King’s Quest: Chapter 1

Developer: The Odd Gentlemen | Released: 2015 | Genre: Adventure, 3D

As of this post I will stop adding pros and cons. My web statistics tell me that pretty much no one is reading these reviews but me, and then I might as well not waste time pretending to be a reviewer.

This game really surprised me. I didn’t expect all that much apart from a modern take on the classic Sierra adventure games, but it was really top notch. Great animation, wonderful and funny dialog, lots of humor, and some ingenious puzzles too. Long and varied too. Definitely not bad for a free first chapter.

The game used much of the same template as Telltale Games who did e.g The Walking Dead and The Wolf Among Us. Even down to the cel shaded style. I could steer young Graham around with direction keys on scenes that sometimes were static, sometimes scrolling, clicking on things to interact. To spice things up, the adventure was sometimes complemented with a blend of arcade action and QTE sequences.

The 3D adventure reminded me of Simon the Sorcerer 3D, and the QTE of Dragon’s Lair. Although QTE in games of today are technically already derived from Dragon’s Lair, it felt particularly strong here because of the first scene in a, well, dragon’s lair. Or perhaps I should say prison.

I completed this first chapter in one sitting taking 6 hours, and I’m happy I spent time with it. The adventure game parts quickly opened up with multiple locations and non-linear solutions, and the dialog was often splendid. I can’t say that I was a fan of all of the action stuff, though. Some sequences such as avoiding dragon fire, shooting goblins with a bow, and a race with a narcissistic knight was a bit too much.

Spoiler: Observations

I liked that Graham was good with a bow in the first sequence in the dragon’s big cave. That was a story from later in time. The actual meat of the chapter took place some time before that, and here Graham had to learn how to use it well by a friendly knight of few words. More about that later.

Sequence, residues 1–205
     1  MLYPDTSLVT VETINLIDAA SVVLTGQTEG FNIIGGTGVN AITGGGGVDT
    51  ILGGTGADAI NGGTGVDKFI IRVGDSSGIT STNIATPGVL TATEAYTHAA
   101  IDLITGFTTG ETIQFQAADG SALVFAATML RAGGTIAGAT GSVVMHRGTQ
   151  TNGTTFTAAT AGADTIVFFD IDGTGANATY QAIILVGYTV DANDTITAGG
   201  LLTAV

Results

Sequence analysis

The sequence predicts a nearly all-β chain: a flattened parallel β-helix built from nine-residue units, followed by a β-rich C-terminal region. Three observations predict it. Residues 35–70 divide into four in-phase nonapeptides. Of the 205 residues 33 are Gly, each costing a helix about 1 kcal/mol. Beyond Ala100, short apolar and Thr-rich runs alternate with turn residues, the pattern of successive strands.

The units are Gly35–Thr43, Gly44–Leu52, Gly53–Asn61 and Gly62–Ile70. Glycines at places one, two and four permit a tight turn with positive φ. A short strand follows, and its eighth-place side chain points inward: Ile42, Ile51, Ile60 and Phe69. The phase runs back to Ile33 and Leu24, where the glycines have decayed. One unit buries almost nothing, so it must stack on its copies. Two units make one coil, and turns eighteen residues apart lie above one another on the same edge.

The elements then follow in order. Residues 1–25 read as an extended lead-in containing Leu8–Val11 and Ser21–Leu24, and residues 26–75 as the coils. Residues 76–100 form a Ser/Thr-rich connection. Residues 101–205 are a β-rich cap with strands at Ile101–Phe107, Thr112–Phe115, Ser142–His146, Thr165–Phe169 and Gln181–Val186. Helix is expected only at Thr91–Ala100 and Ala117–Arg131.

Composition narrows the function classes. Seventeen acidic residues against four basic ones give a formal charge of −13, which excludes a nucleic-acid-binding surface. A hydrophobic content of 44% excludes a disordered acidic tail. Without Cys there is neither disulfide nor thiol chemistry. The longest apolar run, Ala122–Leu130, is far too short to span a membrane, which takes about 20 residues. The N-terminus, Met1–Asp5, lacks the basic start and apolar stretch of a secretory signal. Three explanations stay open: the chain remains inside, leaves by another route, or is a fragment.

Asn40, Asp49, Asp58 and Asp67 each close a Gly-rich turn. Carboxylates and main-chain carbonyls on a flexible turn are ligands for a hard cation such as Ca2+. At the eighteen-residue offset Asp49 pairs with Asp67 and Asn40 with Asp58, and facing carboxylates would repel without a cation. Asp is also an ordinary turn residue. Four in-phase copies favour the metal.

Shades of Uncharted as Graham grabbed a magical mirror in the dragon’s cave and fled for his life across a crumbling bridge made out of mattresses, then rafting down a cave river.

In the main story, Graham met four knights that he had to compete with in various games, such as getting an eye of a hideous beast, a duel of strength, a duel of speed, and a duel of wits. This setup reminded me a little bit of the graphic novel with Valerian having to compete with superheroes.

Nice gating system in the form of three different kinds of mouth pieces for blow horns, each summoning a big bridge troll for creating a bridge for crossing over to the other side. Getting these mouth pieces were adventure puzzles in themselves.

I could only traverse a dark cave and a dark path in the woods when I had a candle-in-a-pumpkin made for me. Both places were crawling with wolves and walking into the dark without it was fatal.

Although dying happened in this game, it never set me back much.

My favorite sequence was a visit to the dragon’s big cave trying to get the hideous eye of the dragon. This was the sequence that took place before the intro sequence. I met the shiny knight Achaka, a man of few and foreign words. He was skilled and adept – much more so than Graham.

I really liked that instead of Graham and Achaka competing with each other, they helped each other out. The way they became friends during this sequence was so well done, and it made it all the more hurtful when Achaka was killed by the dragon in the end. I really felt Graham’s pain too when he exited the cave full of guilt and regret. He was determined to give up and I understood him.

The sequence in the dragon’s big cave was also where the action and puzzle sequences shined the most. I was climbing, running for my life, and jumping on poles by repeating the pattern Achaka showed me. At one point I got out of prison part we had dumped into, but only because Graham could squeeze out of a tight opening in a door. Now I had to tweak shields so that Achaka’s rope would hook onto them as he shot a bow out between the bars of the door. That was a marvelous puzzle sequence.

The duel of strength against a round brute of a knight got into a silly sequence dragging a colored rope hanging from the knight around poles, hoping to get him to trip on it. It was another one of those that got a little bit more stressful than it needed to be.

Same thing with the race against the complacent Whisper that could outrun Graham with ease. I had to make Whisper stand on his hands or run backwards in a specific order just to have a chance at beating him. It was silly and funny, but the constant retries – not so much.

The final duel of wits against Manny was sort of a minimalistic take on chess with wind-up toys. It too required a lot of retries. Manny was skilled, didn’t give up easily, and again I had to cheat. I colored one of the drinks a guard shuffled around, so I could identify it after Manny poured hypnotic powder in one.

I admit, I actually laughed at some of the silly puns told by the narrator – old man Graham.


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